Policewomen fight to wear Afrocentric 'dos
Janet Silvera, Senior Gleaner Writer
FIFTY YEARS after Independence and 174 years after slavery, Jamaican policewomen remain under her majesty's mighty hat, prohibited from wearing certain hairstyles that identify with their African roots.
Women serving their country within the Jamaica Constabulary Force (JCF) say their situation has worsened since Commissioner of Police Owen Ellington announced in the November 2010 Force Orders that the only natural hairdo accepted by the constabulary was fine corn or cane rows.
The order states there should be no weaves, extensions or braids, rope twist, Chinese or Nubian bumps, dreadlock twists or fat plaits. The Commissioner, however, granted approval for the European or Asian-looking wigs or straightening with relaxers to cover or texturise what many worldwide describe as kinky black women's tresses.
"Since the announcement, we have lynched, butchered and burnt our natural hair, some of us have started wearing wigs and relaxed hairstyles, which is downright discrimination and a disgrace to our heroes and heroines who gave their lives so that the next generation could have a better way of life," said Shani Smith, a policewoman.
Smith said kinky hair is not something that needs to be fixed or hidden, "black women were socialised into thinking that they have 'bad hair' that needs fixing," she argued.
Decolonisation of the police force
Professor Verene Shepherd, director, Institute for Gender & Development Studies, University of the West Indies, Mona agreed. "I would like to add my voice to those who are calling for the decolonisation of the police force in Jamaica. It is unacceptable that, 50 years after Independence and 174 years since slavery was abolished, women in the police force are being 'forced' to deny their African 'roots' in favour of Western hairstyles," she said.
Shepherd added: "I say, allow our black women, wherever they work, to wear braids, afro hairstyle, sister locks or any other locks they may choose, and disrupt the elitist and colonial mentality that reminds us of a time we would rather forget."
Smith, who remains upset and distraught that women who want to celebrate their natural beauty did not have much of an option, said she was convinced the time had come for the Police High Command to embrace change and respect and appreciate individuality.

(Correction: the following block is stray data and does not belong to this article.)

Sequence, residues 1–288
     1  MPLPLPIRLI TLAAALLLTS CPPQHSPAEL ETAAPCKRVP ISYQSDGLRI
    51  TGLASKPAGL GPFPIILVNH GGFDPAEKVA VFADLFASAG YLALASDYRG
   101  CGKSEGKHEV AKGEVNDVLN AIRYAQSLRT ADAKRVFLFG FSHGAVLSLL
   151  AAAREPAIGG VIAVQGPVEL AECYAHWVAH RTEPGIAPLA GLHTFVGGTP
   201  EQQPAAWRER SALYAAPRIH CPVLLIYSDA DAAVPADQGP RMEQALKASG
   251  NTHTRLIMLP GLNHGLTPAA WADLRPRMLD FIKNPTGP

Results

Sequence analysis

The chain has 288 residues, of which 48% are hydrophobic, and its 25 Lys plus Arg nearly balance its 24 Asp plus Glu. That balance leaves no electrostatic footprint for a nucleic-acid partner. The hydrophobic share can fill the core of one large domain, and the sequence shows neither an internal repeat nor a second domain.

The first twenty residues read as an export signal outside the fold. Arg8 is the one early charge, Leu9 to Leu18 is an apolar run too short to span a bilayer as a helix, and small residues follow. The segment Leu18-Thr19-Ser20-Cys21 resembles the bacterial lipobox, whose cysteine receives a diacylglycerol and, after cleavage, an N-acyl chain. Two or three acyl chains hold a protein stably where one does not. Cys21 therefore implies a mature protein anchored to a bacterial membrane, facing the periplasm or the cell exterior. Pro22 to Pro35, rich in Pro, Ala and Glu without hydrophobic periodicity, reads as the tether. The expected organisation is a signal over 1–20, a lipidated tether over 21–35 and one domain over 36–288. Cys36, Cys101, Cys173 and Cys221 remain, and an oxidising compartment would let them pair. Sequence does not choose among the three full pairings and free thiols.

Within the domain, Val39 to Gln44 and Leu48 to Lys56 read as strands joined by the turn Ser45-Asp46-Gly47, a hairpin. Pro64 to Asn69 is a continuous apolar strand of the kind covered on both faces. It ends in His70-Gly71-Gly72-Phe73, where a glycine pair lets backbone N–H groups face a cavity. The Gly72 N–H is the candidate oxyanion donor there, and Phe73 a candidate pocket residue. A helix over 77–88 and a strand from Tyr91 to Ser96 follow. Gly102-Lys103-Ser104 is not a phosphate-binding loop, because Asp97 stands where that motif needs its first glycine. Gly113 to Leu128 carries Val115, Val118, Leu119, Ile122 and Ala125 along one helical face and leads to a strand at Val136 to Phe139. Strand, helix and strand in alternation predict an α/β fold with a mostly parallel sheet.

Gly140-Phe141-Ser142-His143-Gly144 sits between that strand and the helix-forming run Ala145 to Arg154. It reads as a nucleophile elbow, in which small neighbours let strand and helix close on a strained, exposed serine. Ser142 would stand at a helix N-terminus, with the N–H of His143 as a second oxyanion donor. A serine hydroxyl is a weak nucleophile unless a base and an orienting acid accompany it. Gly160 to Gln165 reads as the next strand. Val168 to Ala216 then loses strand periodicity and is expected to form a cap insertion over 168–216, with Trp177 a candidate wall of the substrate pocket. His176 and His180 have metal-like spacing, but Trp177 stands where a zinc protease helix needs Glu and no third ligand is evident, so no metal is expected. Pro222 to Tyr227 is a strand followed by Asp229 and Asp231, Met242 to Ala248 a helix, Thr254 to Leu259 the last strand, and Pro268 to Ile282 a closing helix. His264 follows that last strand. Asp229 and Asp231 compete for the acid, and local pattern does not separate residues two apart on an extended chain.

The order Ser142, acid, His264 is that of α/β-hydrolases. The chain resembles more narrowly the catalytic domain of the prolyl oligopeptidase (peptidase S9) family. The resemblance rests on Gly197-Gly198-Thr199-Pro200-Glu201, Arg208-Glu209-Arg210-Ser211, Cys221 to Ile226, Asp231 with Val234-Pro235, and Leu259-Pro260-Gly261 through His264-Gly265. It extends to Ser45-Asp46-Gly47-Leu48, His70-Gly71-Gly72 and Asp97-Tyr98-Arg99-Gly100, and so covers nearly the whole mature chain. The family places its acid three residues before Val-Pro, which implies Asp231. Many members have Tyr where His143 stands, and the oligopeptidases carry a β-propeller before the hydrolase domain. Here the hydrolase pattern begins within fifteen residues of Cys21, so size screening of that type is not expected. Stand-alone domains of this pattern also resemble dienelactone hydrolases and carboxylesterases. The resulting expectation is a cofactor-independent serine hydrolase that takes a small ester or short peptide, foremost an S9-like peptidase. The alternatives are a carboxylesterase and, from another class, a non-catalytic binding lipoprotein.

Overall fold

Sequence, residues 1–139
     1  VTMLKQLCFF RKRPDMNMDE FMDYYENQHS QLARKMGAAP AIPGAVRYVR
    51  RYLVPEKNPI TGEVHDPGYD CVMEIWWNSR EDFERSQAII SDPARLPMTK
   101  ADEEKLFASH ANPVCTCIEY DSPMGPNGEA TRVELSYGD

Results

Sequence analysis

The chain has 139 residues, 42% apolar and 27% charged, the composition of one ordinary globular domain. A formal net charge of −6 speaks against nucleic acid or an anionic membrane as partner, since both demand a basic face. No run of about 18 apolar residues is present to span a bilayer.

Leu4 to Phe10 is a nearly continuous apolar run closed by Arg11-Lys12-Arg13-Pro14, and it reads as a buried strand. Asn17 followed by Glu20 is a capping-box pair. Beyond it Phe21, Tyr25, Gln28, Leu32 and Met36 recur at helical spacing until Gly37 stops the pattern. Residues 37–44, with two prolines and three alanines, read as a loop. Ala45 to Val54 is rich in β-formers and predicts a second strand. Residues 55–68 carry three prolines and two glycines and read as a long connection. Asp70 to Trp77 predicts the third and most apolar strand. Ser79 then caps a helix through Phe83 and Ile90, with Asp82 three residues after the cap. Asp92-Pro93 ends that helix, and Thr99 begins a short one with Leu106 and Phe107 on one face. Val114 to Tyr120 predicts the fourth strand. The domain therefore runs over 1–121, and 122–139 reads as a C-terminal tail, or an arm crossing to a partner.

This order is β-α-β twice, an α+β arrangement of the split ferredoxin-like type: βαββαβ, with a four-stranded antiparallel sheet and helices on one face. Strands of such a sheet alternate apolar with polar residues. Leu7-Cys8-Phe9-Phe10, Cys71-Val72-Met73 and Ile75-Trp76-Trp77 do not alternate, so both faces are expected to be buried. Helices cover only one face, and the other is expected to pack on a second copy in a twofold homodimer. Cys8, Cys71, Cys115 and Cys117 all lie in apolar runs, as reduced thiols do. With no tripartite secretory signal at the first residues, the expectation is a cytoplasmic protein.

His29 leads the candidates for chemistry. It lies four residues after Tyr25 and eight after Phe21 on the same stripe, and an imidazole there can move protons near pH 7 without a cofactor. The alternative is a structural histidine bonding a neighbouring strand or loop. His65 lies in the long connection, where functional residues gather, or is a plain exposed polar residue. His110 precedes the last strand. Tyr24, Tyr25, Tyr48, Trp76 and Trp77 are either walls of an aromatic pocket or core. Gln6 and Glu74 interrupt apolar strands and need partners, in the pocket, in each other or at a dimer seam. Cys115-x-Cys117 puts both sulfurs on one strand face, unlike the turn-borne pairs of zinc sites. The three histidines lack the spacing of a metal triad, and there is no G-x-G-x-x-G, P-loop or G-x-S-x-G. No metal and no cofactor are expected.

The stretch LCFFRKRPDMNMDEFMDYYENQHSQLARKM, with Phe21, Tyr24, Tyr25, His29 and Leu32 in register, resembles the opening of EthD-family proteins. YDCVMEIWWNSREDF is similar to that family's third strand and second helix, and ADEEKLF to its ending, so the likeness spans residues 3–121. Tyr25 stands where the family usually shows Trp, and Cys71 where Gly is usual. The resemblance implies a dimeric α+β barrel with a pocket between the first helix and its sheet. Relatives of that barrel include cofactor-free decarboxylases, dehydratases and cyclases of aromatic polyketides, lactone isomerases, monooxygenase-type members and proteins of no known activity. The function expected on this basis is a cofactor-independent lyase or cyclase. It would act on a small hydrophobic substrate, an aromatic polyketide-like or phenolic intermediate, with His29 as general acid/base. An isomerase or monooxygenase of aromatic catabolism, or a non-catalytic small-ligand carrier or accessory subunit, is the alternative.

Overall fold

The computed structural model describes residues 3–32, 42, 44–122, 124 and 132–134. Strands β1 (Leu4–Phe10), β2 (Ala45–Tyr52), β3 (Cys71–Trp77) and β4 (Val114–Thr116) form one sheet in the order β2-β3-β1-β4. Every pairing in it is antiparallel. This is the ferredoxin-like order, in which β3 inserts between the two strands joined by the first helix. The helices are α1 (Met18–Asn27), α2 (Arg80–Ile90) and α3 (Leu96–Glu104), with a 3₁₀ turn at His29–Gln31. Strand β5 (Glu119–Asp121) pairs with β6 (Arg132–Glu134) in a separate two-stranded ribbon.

"The time has come to highlight African history and heritage, renewing self-pride within the nation," she stated.
She is also questioning why women enrolled in the JCF in 2012 should suffer because of the rules she said were initially designed by the colonial masters to rob the people of this country their true identity and natural beauty.
The policewoman, who was speaking on behalf of her colleagues, urged the country's first female prime minister, Portia Simpson Miller, Governor General Sir Patrick Allen, human-rights advocate Dr Carolyn Gomes, university lecturer Dr Carolyn Cooper, and attorney-at-law Miguel Lorne, to look into a situation which she said has become untenable.
In other countries such as the United States, Canada and even England, from which Jamaica was colonised, women police are allowed to wear braids and Nubian locks. In fact, unlike the JCF, women in the Jamaica Defence Force are allowed to lock their hair, providing it is not touching the collar of their uniforms.
According to Smith, the adult female image portrayed in the public is in dire need of moral reconfiguration. "We need to develop a standard which pushes self-esteem in society, which will benefit Jamaica's future female leaders."
She implores Commissioner Ellington to allow the worth, work, professionalism, and the right work attitude to be the judge of policewomen who, on a daily basis, leave their families to 'Protect and Serve Jamaica Land We Love'.
"You have a great team of police personnel working with, use the opportunity to know them, nurture their individual talent, facilitate change and stop forcing the women to destroy their kinky hair."